Finally, it should be noted that having capability-based iterations is a more honest approach, in that many iterations have a lot of uncertainty with respect to the amount of work required to complete the iteration (i.e., the amount of work to answer the hypothesis of that iteration). The use of fixed-time iterations presents a false certainty to stakeholders of when the work will be completed, which does not actually exist. In other words, when data science teams use time-boxed iterations, teams often pad their estimates (e.g., only commit to what they think can be done in half the iteration). 

3. What to do about a build-up of technical debt?

What is technical debt

Technical debt is the implied cost of additional rework caused by choosing an easy (limited) solution now instead of using a better approach that would take longer. To address the project’s technical debt, first the team needs to make the debt visible. The technical debt should be tracked in the Backlog Items to be done, and the technical debt as well as its impact on the team’s productivity should be highlighted in the iteration review meeting.

Reducing technical debt via a specific iteration

To reduce large technical debt, the team can pull a backlog item that is focused on technical debt reduction into an iteration just as they would for any other backlog item.  In this case the backlog item should still be broken down into “Create / Observe / Analyze” tasks, where the “create” step would focus on a reduction of the technical debt, and the observe and analyze steps would focus on measuring and analyzing the impact of the reduction of technical debt and understanding the potential new capabilities of the team as a result of that iteration.  So, for example, if the team took steps to streamline a data pipeline in the hopes that a model could be trained on a larger data set in a shorter amount of time, the observation and analysis should focus on metrics around that and potential uses of the new capabilities. This approach is most appropriate for larger tasks such as data migrations, changes in tooling or architecture, etc.

Reducing technical debt by adding to an iteration

For ongoing or smaller scale technical debt reduction the team may instead elect to include targeted technical debt elimination as part of an iteration that involves updating or improving an existing element that has been identified as having technical debt.  In this situation, while adding to or improving an existing model, the team may elect to also improve the maintainability of that model.

Is accumulating technical debt OK?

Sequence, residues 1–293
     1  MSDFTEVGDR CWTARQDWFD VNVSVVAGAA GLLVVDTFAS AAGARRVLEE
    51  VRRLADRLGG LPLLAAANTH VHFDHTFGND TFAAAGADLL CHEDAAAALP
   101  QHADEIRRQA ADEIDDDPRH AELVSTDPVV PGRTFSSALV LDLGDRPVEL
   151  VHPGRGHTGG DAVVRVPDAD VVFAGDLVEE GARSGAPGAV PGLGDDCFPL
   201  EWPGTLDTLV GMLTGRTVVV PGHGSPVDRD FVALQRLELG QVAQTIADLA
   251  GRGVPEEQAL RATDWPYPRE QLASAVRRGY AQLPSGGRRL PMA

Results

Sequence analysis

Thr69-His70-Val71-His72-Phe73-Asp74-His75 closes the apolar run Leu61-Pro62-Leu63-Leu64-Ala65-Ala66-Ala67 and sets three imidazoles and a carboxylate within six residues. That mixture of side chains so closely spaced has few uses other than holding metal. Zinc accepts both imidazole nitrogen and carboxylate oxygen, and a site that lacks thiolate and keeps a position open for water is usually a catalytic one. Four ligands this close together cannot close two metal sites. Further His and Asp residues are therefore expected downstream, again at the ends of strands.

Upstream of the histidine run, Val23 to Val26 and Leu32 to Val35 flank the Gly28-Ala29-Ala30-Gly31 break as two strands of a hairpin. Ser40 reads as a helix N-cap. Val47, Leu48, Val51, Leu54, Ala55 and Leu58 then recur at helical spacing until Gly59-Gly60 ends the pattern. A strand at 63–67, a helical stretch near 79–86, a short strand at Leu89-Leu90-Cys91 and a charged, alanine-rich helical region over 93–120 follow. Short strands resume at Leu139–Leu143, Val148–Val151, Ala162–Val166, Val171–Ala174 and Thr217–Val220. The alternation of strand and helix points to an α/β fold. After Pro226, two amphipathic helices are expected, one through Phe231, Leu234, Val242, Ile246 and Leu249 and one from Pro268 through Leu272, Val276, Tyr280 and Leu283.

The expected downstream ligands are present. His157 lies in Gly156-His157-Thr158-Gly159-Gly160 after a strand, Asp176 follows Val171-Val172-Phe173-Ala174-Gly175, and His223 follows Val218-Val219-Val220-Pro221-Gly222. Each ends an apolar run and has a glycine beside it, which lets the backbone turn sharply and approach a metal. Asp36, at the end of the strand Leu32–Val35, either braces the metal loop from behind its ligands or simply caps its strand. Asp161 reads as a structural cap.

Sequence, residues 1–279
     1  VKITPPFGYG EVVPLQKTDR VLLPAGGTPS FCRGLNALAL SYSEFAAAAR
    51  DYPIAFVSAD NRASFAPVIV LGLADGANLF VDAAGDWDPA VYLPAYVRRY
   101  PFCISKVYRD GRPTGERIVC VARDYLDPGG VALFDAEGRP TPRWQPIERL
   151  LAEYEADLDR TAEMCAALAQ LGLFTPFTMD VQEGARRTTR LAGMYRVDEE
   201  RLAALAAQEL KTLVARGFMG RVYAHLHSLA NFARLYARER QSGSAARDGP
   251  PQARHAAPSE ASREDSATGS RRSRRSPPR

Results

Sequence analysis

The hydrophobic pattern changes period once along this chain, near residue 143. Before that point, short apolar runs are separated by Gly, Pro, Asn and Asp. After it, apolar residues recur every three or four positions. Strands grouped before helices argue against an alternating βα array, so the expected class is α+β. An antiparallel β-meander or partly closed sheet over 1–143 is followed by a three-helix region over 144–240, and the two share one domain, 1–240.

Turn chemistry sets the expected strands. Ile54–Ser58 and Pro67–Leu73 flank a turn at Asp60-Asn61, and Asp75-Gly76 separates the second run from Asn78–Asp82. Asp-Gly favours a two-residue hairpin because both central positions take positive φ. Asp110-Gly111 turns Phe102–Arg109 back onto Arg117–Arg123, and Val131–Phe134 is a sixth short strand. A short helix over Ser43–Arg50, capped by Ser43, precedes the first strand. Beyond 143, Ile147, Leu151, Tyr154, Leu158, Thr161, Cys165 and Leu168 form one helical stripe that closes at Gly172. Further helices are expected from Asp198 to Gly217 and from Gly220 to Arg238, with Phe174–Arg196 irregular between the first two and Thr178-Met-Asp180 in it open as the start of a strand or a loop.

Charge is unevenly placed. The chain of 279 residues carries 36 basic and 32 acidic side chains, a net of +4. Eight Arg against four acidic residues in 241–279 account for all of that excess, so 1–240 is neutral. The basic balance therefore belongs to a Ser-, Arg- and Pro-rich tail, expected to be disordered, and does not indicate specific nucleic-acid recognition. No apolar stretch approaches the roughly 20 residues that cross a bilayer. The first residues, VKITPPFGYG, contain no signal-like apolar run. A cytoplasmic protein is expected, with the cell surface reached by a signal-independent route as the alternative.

To reduce the rate of accumulation of technical debt, the team should agree upon conventions and standards that all finished work should meet.  Some teams accomplish this by having a “Definition of Done”. These standards should be designed to find an optimal balance between ensuring that the team can rapidly iterate and prototype and limiting the rate of accumulation of technical debt. In short, it might make sense to accumulate some technical debt, but at some point, that debt must be addressed.

4. How could DDS teams work with other teams?

The DDS framework is a single team framework that is designed to be compatible with the Scrum@Scale scaling framework, as well as SAFe (Scaled Agile Framework). To work with other teams that are coordinating with Scrum@Scale or SAFe, the DDS team exposes the necessary interfaces to collaborate with other teams via DDS’s roles and artifacts.

Specifically, each DDS has its internal workflow which is defined via their capability-based iterations. However, the DDS team exposes the necessary interfaces to collaborate with other Scrum teams (or other DDS teams). The table below summarizes the touch points between the DDS team and the Scrum (or DDS) teams. For example, the DDS Iteration Review meeting easily maps to the Scrum Sprint Review meeting, and both meetings can be at the same frequency.

Integrating DDS and Scrum Teams

The following table reviews the key SAFe and Scrum@Scale events and shows which DDS role would represent the DDS team at these events.

SAFe Events SAFe Roles DDS Rep Scrum@Scale Roles Scrum@Scale Event / Meeting
ART Sync Product Manager Process Expert Chief Product Owner Scaled Daily Meeting
Planning (PI) Product Manager Product Owner Chief Product Owner Scaled Sprint Planning
Retrospective (PI) Release Train Engineer Process Expert Scrum of Scrum Master Scaled Retrospective
Measurement (PI) Product Manager Product Owner Chief Product Owner Scaled Sprint Review
System Demo (PI) Release Train Engineer Product Owner Scrum of Scrum Master Scaled Sprint Review

5. If someone finishes their tasks earlier than others, what should that person do?

In DDS, if someone finishes a task, but there is still work being done by others on the current iteration, the goal would be for the person that finished their tasks to help someone who still has work to be done (i.e., the goal as a team is to finish the iteration as soon as possible). If it doesn’t make sense to help the other person (e.g., all tasks will be finished by the end of the day), then the person could work on refining the item backlog or start a new iteration.